(SACRAMENTO, Calif.) -- The degeneration of a small, wishbone-shaped structure deep inside the brain may provide the earliest clues to future cognitive decline, long before healthy older people exhibit clinical symptoms of memory loss or dementia, a study by researchers with the UC Davis Alzheimer's Disease Center has found.
The longitudinal study found that the only discernible brain differences between normal people who later developed cognitive impairment and those who did not were changes in their fornix, an organ that carries messages to and from the hippocampus, and that has long been known to play a role in memory.
"This could be a very early and useful marker for future incipient decline," said Evan Fletcher, the study's lead author and a project scientist with the UC Davis Alzheimer's Disease Center.
"Our results suggest that fornix variables are measurable brain factors that precede the earliest clinically relevant deterioration of cognitive function among cognitively normal elderly individuals," Fletcher said.
The research is published online today in JAMA Neurology.
Hippocampal atrophy occurs in the later stages of cognitive decline and is one of the most studied changes associated with the Alzheimer's disease process. However, changes to the fornix and other regions of the brain structurally connected to the hippocampus have not been as closely examined. The study found that degeneration of the fornix in relation to cognition was detectable even earlier than changes in the hippocampus.
"Although hippocampal measures have been studied much more deeply in relation to cognitive decline, our direct comparison between fornix and hippocampus measures suggests that fornix properties have a superior ability to identify incipient cognitive decline among healthy individuals," Fletcher said.
The study was conducted over five years in a group of 102 diverse, cognitively normal people with an average age of 73 who were recruited through community outreach at the Alzheimer's Disease Center. The researchers conducted magnetic resonance imaging (MRI) studies of the participants' brains that described their volumes and integrity. A different type of MRI was used to determine the integrity of the myelin, the fatty coating that sheaths and protects the axons. The axons are analogous to the copper wiring of the brain's circuitry and the myelin is like the wiring's plastic insulation.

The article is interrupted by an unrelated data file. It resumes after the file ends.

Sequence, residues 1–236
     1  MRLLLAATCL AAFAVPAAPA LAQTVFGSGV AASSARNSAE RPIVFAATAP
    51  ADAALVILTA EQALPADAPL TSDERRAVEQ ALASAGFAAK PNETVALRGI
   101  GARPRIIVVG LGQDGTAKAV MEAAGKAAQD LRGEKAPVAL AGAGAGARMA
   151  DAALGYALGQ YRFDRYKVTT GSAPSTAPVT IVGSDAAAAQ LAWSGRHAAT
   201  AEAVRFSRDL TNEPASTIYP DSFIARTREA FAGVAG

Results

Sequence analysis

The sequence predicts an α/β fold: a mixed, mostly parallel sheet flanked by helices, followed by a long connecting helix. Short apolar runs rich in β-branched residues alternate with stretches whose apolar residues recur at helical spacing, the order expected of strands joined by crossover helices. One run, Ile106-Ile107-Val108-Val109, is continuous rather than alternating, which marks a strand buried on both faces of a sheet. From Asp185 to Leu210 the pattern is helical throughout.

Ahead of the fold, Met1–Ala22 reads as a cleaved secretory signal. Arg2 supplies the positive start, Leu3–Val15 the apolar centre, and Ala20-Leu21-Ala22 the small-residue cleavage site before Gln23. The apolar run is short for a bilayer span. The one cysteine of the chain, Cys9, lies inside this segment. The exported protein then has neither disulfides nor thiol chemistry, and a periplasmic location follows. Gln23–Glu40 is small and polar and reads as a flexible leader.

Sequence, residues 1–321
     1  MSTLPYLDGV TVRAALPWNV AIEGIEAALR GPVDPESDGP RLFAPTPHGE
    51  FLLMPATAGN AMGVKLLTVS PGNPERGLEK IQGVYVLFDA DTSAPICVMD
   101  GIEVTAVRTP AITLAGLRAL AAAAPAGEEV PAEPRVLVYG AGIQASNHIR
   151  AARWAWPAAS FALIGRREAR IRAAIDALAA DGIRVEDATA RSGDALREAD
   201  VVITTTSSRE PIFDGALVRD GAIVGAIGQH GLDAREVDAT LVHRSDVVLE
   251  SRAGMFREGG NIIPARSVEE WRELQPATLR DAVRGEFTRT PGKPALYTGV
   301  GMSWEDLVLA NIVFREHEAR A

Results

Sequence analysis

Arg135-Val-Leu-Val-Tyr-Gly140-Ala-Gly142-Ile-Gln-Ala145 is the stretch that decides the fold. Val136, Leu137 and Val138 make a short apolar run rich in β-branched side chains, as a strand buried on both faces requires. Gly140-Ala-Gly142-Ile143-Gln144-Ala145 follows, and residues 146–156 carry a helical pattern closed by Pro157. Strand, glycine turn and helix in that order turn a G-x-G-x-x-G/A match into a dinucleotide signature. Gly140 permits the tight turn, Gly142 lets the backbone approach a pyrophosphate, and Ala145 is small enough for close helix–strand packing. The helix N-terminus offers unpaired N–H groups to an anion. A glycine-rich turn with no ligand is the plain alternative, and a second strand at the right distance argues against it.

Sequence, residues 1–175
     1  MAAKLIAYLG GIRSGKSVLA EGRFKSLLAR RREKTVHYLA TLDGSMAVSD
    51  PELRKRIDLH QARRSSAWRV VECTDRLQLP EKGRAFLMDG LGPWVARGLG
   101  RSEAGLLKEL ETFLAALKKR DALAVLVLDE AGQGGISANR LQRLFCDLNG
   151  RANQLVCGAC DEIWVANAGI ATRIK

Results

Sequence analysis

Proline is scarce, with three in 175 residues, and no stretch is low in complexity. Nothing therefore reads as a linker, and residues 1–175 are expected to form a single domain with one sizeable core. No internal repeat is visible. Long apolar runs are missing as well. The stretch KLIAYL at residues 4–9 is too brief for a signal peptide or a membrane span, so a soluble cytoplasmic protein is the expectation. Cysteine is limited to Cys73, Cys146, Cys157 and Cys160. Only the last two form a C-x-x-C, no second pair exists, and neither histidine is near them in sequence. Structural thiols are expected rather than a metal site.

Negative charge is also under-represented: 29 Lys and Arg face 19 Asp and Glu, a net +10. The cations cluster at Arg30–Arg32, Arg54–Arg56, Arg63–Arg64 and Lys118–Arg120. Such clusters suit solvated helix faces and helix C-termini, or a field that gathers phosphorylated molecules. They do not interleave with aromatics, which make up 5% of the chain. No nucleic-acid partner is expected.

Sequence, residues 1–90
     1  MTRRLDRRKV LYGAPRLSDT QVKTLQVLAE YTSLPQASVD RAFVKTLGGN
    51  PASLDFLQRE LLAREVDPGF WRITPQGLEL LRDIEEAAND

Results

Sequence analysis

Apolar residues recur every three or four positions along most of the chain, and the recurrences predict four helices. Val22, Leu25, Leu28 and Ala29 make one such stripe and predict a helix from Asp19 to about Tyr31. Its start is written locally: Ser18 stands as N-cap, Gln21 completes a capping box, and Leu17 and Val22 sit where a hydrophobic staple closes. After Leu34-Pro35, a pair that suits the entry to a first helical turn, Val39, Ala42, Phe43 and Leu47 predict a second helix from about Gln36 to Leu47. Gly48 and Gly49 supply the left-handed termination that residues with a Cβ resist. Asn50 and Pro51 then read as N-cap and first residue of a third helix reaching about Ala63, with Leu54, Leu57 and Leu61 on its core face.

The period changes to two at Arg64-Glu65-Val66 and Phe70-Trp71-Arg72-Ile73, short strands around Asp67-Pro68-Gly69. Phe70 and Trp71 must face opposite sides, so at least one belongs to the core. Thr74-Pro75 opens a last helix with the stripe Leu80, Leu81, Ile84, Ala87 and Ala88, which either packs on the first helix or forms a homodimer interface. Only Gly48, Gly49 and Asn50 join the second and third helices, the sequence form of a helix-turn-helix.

Either one of those things being lost will "degrade the signal transmission" in the brain, Fletcher said.
The researchers also conducted psychological tests and cognitive evaluations of the study participants to gauge their level of cognitive functioning. The participants returned for updated MRIs and cognitive testing at approximately one-year intervals. At the outset, none of the study participants exhibited symptoms of cognitive decline. Over time about 20 percent began to show symptoms that led to diagnoses with either mild cognitive impairment (MCI) and, in a minority of cases, Alzheimer's disease.
"We found that if you looked at various brain factors there was one -- and only one -- that seemed to be predictive of whether a person would have cognitive decline, and that was the degradation of the fornix," Fletcher said.
The study measured two relevant fornix characteristics predicting future cognitive impairment -- low fornix white matter volume and reduced axonal integrity. Each of these was stronger than any other brain factor in models predicting cognitive loss, Fletcher said.
He said that routine MRI examination of the fornix could conceivably be used clinically in the future as a predictor of abnormal cognitive decline.
"Our findings suggest that if your fornix volume or integrity is within a certain range you're at an increased risk of cognitive impairment down the road. But developing the use of the fornix as a predictor in a clinical setting will take some time, in the same way that it took time for evaluation of cholesterol levels to be used to predict future heart disease," he said.
Fletcher also said that the finding may mark a paradigm shift toward evaluation of the brain's white matter, rather than its gray matter, as among the very earliest indicators of developing cognitive loss. There is currently a strong research focus on understanding brain processes that lead eventually to Alzheimer's disease. He said the current finding could fill in one piece of the picture and motivate new directions in research to understand why and how fornix and other white matter change is such an important harbinger of cognitive impairment.
"The key importance of this finding is that it suggests that white matter tract measures may prove to be promising candidate biomarkers for predicting incipient cognitive decline among cognitively normal individuals in a clinical setting, possibly more so than gray matter measures," he said.
Other study authors are Mekala Raman, Philip Huebner, Dan Mungas, Owen Carmichael and Charles DeCarli of UC Davis and Amy Liu of UC Davis and the Novartis Institutes for BioMedical Research.
The study was funded by grants from the National Institute on Aging (P30 AG10129; U01 AG024904; R01 AG010220 and 2R01 AG021028).
The UC Davis Alzheimer's Disease Center is one of only 27 research centers designated by the National Institutes of Health's National Institute on Aging. The center's goal is to translate research advances into improved diagnosis and treatment for patients while focusing on the long-term goal of finding a way to prevent or cure Alzheimer's disease. Also funded by the state of California, the center allows researchers to study the effects of the disease on a uniquely diverse population. For more information, visit http://alzheimer.